I have just completed a paper that represents “first thoughts” arising from a project on medical innovations that I am doing with Katherine Stebbins McCaffrey and Srikant Datar. This paper draws on a case history of HIV/AIDS that Katherine has been working on, my reading of medical history and my prior work on “multi-player” innovation.
Although it is not a “policy” paper it concludes thus:
In medicine too, we should expect that an FDA that made safety its primary focus would reduce the incidence of dangerous drugs or devices brought to market. Meanwhile, scaling back the regulation of efficacy promises two important benefits. Sharply reducing the costs of regulatory compliance should foster some of the hectic, frugal innovation that we find in so many other fields. And, replacing centrally supervised randomized trials with more pluralistic evaluations (by medical associations, insurers and other third-party payers, and on-line communities of consumers) should improve the matching of treatments and patients. True, useless treatments might increase with more innovations coming to market. But, as is the case outside medicine, widespread sharing of diverse experiences of actual use, might also yield more knowledge of what works best and under what circumstances. We could sip a little more of the holy grail of personalized medicine on the cheap, simply by allowing more ad-hoc user experimentation.
We certainly should not suppress science, disdain bio-tech and Big Pharma, or replace trained physicians with Maoist barefoot doctors, but we could be less credulous about imminent research breakthroughs and offer more scope for nurse practitioners and even completely un-credentialed outsiders to innovate. Placing ever-larger bets on exclusive innovation is a poor remedy for its debilities. Harnessing the enterprise and ingenuity of the many and for the many should be the way ahead.
Download the paper here
Widespread private and public cheating in Greece is old hat. Michael Lewis documented it splendidly in Vanity Fair in 2010.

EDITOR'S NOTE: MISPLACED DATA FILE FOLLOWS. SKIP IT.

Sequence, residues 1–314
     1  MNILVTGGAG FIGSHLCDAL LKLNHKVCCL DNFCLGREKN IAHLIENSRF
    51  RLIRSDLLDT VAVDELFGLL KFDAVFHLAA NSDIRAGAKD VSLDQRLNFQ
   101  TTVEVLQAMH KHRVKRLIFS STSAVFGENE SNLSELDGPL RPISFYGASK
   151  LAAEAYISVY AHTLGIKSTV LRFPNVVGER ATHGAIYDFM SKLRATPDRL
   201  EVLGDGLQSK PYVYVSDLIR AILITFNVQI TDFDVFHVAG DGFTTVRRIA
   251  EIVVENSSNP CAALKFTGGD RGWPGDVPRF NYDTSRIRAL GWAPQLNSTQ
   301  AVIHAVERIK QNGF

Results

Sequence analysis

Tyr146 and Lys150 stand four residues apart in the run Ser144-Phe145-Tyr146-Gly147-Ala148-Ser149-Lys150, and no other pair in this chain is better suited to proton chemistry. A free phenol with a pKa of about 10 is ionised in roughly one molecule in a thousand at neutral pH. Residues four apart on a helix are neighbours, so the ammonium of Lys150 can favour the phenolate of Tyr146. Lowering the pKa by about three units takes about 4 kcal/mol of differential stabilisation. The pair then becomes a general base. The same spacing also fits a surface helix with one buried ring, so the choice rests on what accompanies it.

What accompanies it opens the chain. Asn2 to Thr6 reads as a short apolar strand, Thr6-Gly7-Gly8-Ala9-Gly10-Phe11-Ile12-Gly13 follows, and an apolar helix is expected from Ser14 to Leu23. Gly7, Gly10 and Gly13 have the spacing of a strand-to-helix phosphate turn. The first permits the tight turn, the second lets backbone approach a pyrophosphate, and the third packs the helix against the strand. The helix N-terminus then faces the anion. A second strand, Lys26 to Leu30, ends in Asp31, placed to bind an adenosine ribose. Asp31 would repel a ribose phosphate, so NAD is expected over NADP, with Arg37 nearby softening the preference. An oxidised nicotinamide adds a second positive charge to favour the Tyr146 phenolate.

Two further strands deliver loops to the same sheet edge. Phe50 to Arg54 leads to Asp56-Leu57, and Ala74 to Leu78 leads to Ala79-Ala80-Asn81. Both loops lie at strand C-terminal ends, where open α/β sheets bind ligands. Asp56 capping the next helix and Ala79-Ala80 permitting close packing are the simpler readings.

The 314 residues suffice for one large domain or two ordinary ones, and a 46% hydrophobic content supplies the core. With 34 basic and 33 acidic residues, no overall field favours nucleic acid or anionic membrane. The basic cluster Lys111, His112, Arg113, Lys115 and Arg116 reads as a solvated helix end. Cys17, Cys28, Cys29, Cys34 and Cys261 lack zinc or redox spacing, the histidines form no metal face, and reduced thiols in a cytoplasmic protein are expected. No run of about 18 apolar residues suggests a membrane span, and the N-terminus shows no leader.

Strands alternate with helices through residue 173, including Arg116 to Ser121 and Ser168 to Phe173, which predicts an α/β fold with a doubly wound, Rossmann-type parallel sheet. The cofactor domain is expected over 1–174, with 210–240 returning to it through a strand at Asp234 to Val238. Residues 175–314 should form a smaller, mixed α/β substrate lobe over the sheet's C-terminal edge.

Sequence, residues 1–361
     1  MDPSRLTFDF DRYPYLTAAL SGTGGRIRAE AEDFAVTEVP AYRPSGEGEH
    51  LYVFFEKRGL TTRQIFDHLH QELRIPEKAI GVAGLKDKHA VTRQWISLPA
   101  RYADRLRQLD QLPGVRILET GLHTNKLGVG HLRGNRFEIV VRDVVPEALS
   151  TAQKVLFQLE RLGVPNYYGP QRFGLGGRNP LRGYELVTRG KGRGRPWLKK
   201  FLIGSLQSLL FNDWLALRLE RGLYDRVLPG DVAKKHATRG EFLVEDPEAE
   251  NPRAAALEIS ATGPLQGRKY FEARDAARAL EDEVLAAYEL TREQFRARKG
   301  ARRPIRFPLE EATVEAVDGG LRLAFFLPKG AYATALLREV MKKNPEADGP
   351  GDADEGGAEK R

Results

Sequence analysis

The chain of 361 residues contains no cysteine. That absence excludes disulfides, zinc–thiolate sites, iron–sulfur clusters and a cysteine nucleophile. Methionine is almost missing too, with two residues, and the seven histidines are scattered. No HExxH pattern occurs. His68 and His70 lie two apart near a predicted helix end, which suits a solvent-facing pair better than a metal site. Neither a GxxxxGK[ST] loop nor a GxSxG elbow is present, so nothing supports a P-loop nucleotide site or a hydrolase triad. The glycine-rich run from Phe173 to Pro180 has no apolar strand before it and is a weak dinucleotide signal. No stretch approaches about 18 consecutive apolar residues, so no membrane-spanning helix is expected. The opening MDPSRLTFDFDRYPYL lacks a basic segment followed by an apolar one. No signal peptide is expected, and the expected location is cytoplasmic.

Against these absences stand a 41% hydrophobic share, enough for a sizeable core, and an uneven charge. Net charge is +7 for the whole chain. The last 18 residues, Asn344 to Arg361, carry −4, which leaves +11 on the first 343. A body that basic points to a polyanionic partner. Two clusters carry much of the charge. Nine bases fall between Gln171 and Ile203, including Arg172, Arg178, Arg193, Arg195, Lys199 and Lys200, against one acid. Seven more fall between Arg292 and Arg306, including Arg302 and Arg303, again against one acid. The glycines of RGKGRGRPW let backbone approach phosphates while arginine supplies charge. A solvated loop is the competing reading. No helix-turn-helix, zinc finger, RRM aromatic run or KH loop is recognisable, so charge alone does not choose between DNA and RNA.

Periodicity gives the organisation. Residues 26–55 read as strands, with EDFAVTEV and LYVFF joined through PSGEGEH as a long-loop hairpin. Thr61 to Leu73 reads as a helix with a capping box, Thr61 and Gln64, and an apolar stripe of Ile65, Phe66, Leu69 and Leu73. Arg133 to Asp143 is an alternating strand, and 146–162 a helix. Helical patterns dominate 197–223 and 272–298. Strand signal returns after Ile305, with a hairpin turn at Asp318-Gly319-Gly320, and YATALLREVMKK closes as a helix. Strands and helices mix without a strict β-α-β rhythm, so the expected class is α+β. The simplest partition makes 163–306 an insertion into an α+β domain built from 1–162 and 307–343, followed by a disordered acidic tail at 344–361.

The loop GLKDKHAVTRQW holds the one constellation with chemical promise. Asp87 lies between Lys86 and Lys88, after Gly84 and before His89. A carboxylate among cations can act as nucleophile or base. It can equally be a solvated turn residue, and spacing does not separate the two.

What’s “novel” in this just published piece (tho Ive made it a few times before) is that the Euro doesn’t need or can’t have “convergence” of standards of living or in the quality of governance. Rather the common currency needs rules and structures that *minimize* the supporting standardization and regimentation.
“Standardize and centralize only when necessary” is a staple of modern management. And figuring out what and how to centralize (establishing “loose tight controls as Peters and Waterman put it) are an important part of a CEOs job. (more…)
A civil libertarian and free-speech absolutist’s concern about the Charlie Hedbo demonstrations
Mass demonstrations of solidarity in favor of free speech and against the Charlie Hebdo killings are understandable, but they could inadvertently give cover to actions that subvert the very liberties the protesters cherish. Legitimate public outrage should not be channeled into declaring or escalating wars on Islamic (or any other kind of) terror. Democracies should coolly rely on existing tools and procedures against criminal conspiracies.
Excerpts from my Editorial Commentary in Barron’s November 22, 2014
“In Capital in the Twenty-First Century, Thomas Piketty announced an audacious thesis that sets his opus apart … Capitalism inevitably increases inequality, Piketty claims, because the return on capital grows faster than the economy.
June 20 2011 (Bloomberg) — Amar Bhide, a professor at Tufts University, talks about Basel III bank capital requirements and the Dodd-Frank financial regulation overhaul. Bhide speaks with Erik Schatzker on Bloomberg Television’s “InsideTrack.” (Source: Bloomberg)